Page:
6th November 2019 · ‘Lt. Col. Holman F. Stevens – The Man and His Empire’

Presenter: Hugh Smith

On 6th November our guest was Hugh Smith to present Lt. Col Holman F. Stephens-The Man and his Empire.

He was born in 1868 and trained as a civil engineering assistant with The Metropolitan Railway and with the passing of the Light Railways Act of 1896 proceeded to build, manage and operate small networks scattered throughout England and Wales which he controlled from his office in Tonbridge.

The act included a maximum speed of 25mph,.axle loading not to exceed 12 tons and level crossings protected by cattle grids and not gates. Motive power and rolling stock were all second hand and signalling infrastructure the bare minimum with some narrow and standard gauge routes built.

The Rother Valley route, which is now the preserved Kent and East Sussex line, together with the Ffestiniog and Welsh Highland Railway were two of his many achievements.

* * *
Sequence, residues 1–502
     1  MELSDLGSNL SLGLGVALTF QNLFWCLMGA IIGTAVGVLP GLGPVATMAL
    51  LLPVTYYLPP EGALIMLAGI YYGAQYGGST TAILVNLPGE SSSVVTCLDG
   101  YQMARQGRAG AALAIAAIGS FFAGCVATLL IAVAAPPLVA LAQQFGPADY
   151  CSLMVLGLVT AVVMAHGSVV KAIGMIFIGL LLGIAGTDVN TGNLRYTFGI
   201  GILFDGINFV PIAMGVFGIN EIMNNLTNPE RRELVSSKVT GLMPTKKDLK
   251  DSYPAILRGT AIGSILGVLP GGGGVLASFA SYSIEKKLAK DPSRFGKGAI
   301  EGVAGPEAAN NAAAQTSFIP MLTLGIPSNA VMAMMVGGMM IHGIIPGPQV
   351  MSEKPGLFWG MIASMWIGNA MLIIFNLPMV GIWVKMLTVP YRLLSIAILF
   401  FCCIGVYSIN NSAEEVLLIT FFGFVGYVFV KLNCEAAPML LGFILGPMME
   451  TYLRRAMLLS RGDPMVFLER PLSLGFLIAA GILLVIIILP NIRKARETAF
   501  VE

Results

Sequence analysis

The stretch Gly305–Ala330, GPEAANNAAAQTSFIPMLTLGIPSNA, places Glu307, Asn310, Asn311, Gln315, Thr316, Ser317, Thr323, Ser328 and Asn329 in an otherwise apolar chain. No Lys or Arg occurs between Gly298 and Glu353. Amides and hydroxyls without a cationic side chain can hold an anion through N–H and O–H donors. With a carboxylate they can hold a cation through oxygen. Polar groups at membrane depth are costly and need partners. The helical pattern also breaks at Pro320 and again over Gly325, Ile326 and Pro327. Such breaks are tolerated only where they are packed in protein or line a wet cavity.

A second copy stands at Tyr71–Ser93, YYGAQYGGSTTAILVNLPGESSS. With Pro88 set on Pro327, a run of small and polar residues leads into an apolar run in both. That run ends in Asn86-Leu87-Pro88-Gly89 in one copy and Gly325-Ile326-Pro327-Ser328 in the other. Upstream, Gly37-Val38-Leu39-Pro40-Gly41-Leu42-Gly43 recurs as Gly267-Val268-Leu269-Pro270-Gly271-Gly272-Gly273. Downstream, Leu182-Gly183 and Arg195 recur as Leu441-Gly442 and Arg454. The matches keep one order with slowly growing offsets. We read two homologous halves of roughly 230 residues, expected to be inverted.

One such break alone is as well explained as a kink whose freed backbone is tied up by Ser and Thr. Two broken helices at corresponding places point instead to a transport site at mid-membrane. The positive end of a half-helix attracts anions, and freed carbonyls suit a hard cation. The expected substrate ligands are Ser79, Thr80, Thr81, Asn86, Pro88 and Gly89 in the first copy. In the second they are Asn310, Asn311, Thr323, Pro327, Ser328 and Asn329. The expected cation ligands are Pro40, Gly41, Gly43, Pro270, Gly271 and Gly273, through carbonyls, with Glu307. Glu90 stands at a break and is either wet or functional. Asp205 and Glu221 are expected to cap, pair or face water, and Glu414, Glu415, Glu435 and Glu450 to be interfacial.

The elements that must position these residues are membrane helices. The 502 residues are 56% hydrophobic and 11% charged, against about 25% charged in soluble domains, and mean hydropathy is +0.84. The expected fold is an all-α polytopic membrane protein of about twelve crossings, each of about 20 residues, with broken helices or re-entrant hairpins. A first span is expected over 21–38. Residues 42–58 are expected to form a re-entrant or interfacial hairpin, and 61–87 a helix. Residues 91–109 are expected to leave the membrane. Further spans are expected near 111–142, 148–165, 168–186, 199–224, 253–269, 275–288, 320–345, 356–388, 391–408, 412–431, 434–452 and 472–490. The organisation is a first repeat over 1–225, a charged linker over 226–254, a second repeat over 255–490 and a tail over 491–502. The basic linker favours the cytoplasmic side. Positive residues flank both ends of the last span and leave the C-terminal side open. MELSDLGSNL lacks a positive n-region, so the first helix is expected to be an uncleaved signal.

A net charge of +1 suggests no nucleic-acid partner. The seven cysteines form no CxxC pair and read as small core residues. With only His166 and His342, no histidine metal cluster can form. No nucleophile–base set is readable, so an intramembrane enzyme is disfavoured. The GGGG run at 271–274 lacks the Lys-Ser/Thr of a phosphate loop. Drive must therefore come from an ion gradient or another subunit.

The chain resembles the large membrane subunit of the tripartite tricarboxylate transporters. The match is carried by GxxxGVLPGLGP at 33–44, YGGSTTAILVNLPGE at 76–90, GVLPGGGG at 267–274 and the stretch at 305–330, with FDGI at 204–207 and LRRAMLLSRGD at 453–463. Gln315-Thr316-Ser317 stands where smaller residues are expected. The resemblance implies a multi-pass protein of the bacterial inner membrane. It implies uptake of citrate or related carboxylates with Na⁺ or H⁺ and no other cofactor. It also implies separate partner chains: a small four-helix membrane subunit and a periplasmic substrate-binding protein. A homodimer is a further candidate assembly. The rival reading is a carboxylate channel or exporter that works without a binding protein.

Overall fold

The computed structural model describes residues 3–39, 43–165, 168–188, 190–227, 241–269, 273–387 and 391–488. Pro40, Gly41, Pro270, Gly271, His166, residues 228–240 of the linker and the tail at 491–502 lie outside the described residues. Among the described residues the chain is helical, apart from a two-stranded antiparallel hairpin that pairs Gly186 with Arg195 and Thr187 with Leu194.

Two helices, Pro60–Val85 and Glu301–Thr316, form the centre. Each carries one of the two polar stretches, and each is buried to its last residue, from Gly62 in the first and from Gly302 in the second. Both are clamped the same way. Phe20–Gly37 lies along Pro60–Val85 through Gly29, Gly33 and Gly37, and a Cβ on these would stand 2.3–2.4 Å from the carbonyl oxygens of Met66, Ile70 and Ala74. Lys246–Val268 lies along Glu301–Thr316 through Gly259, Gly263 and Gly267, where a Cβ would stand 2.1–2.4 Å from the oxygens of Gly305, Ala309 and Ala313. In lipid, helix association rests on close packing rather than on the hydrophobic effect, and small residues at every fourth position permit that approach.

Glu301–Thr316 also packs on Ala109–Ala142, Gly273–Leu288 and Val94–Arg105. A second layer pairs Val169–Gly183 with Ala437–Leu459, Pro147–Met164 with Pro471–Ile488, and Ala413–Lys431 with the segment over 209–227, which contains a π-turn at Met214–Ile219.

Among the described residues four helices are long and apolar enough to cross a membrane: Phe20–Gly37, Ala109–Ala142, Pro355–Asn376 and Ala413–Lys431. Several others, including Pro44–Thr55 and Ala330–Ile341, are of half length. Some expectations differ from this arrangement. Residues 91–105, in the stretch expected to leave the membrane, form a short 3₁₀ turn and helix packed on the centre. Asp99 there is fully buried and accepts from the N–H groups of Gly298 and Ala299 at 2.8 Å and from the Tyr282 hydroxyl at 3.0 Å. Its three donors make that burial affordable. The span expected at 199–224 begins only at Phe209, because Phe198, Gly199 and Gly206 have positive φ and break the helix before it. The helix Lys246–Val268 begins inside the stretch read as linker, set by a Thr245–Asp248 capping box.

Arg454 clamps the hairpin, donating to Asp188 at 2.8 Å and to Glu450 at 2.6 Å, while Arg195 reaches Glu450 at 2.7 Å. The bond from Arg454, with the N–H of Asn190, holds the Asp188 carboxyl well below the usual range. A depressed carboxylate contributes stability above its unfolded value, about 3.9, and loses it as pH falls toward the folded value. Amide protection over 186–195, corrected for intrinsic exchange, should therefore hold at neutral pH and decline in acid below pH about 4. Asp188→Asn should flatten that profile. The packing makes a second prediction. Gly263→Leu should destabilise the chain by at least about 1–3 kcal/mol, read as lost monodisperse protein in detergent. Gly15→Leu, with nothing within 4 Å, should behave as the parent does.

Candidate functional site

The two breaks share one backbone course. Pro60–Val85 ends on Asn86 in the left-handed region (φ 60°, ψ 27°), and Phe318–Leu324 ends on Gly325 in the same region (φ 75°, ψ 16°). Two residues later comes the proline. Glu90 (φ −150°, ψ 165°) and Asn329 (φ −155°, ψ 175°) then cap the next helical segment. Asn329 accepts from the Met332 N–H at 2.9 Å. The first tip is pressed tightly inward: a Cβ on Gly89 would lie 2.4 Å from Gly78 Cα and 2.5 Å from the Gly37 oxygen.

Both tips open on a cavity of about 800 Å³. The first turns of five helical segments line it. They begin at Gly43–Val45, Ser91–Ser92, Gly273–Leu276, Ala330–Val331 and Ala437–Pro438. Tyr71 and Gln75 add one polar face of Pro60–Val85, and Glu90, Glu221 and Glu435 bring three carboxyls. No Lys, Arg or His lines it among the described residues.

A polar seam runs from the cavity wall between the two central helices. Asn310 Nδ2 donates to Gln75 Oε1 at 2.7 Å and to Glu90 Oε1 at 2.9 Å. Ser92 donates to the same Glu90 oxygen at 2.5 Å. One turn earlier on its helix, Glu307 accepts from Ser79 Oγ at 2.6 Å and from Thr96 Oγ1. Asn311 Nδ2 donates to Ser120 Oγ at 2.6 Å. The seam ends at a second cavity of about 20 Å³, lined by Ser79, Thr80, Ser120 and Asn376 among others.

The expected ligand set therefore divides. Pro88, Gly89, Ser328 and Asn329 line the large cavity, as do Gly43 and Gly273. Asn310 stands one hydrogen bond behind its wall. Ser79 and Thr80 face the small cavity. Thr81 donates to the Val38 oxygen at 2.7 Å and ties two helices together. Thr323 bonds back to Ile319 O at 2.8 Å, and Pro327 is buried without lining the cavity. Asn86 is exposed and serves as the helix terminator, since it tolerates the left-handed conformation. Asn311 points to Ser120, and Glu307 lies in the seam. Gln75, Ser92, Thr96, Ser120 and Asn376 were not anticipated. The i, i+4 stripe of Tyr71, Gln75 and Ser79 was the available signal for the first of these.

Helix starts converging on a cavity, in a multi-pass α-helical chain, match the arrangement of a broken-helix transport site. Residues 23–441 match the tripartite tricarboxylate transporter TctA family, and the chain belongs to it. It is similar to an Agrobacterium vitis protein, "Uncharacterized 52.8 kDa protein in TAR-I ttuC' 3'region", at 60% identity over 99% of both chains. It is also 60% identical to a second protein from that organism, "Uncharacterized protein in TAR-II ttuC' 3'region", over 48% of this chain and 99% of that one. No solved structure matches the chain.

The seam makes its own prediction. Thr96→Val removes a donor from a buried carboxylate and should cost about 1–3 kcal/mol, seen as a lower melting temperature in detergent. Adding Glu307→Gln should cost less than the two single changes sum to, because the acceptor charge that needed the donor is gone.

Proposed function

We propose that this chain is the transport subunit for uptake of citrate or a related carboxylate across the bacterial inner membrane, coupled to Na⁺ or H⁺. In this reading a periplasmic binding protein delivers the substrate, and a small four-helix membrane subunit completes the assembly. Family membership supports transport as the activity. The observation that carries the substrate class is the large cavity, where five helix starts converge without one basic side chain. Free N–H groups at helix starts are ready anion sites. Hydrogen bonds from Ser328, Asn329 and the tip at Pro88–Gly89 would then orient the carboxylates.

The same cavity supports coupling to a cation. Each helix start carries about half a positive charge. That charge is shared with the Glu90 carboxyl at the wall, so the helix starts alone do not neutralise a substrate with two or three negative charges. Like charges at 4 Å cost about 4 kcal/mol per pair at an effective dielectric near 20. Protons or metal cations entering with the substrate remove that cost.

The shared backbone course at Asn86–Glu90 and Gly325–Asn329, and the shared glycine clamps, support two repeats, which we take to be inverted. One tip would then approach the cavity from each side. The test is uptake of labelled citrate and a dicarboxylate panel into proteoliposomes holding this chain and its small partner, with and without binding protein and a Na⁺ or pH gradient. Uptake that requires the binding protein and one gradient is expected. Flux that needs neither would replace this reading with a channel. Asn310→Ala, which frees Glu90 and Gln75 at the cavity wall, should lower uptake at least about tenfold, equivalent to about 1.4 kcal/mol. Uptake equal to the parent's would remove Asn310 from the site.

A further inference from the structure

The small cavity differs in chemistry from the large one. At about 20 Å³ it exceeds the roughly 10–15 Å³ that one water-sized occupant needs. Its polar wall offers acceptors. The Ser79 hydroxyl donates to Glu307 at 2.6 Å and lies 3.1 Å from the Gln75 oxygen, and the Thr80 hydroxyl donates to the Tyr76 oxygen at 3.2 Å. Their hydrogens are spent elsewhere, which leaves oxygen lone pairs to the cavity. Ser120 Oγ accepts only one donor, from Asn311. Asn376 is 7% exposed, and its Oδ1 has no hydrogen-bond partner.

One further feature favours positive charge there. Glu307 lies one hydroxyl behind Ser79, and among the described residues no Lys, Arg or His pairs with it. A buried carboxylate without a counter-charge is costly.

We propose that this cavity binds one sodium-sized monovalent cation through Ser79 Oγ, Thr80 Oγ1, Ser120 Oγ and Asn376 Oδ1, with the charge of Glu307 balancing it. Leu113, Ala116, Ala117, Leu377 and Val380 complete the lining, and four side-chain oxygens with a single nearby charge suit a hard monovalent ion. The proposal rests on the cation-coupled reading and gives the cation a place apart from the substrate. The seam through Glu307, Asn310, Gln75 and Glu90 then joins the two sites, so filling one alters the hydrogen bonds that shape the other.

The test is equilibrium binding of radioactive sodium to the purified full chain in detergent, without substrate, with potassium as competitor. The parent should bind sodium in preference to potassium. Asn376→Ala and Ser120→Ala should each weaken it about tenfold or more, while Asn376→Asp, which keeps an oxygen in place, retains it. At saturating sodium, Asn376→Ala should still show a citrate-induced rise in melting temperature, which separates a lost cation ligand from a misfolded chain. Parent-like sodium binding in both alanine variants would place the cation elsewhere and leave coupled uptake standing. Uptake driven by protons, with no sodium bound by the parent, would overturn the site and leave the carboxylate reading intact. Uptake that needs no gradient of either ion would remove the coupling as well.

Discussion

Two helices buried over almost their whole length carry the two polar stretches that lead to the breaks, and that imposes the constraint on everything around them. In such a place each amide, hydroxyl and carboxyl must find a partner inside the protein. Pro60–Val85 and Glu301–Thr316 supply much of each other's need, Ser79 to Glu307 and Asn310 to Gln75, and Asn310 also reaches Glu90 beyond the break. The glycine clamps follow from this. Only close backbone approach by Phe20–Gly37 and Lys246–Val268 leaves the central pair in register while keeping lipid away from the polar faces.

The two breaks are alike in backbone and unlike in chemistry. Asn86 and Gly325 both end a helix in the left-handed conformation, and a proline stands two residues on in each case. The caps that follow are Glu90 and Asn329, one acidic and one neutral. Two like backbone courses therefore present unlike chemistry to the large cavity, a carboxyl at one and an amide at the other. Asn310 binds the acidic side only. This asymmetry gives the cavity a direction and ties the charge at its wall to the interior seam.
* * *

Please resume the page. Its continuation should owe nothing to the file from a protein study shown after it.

Lines such as the Burry Port and Gwendreath Valley and East Kent (closed in 1985) were constructed to exploit the local coalfield traffic.

Other routes including The Ashover Light Railway and North Devon and Cornwall were converted from narrow to standard gauge to carry the local mineral traffic.

His Army commission was in the reserve and although called up in 1914 he returned to running his rail network two years later. In 1923 he became manager of the Ffestiniog and the Welsh Highland but most of his lines gradually closed over the coming years. However some still survive to the present day including parts of the Gunnislake branch in Cornwall and The Western Point route in Cheshire where a Class 66 was seen unloading its train at the waste terminal.

He never married and died in 1931 but a mock of his office can be seen on the Kent and East Sussex Railway at Tenterden.